Wausaukee School Board Okays Student Dress Code Changes
Wausaukee School District had already lost three full teaching days to bad weather, in addition to four 2-hour delays and one early release day by Wednesday, Feb. 13, when Principal Jared Deschane told the board at its regular monthly meeting that unless steps are taken now, the district will not be on track to meet the hours of instruction Wisconsin Department of Public Instruction (DPI) requires each year.
With possibly six weeks or so of winter remaining, more snow days are possible, so making up the time could become increasingly difficult.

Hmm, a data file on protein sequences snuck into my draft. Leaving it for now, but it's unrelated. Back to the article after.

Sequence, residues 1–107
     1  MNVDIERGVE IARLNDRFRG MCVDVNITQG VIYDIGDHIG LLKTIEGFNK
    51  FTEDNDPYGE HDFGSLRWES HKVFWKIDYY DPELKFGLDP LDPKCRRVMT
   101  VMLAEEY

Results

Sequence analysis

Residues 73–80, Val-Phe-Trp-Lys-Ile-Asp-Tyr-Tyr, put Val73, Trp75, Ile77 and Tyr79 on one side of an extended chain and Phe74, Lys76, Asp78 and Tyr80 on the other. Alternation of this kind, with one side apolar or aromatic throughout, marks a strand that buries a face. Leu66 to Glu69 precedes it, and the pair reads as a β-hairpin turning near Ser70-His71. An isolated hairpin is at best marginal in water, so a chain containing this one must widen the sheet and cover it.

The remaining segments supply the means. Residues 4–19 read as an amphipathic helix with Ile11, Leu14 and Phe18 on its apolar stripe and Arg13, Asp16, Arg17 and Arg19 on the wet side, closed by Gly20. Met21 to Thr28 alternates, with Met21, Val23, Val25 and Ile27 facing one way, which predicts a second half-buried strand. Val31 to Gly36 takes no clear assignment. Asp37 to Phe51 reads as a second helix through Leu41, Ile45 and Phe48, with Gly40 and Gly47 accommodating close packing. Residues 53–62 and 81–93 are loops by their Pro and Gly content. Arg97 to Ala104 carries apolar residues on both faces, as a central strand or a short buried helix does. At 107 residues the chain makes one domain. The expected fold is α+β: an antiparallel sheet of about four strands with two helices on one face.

As a first step to making up lost time, they have added four minutes of instruction to each school day, Deschane said. Other steps will be needed, but they have not yet been decided. Deschane suggested they may cut some teacher in-service days (which are normally days off for students and learning time for teachers), or extend the school year beyond the scheduled release date in June.
District Administrator Jan Dooley said the decision to call off school never comes easily. She praised Deschane for doing a good job handling the difficult and stressful task of balancing the safety of kids with the requirements of education. She said he gets up at 4 a.m. each day to monitor the weather and on bad days confers with Lamers Bus Lines personnel and administrators from other districts before deciding whether classes will be on or off.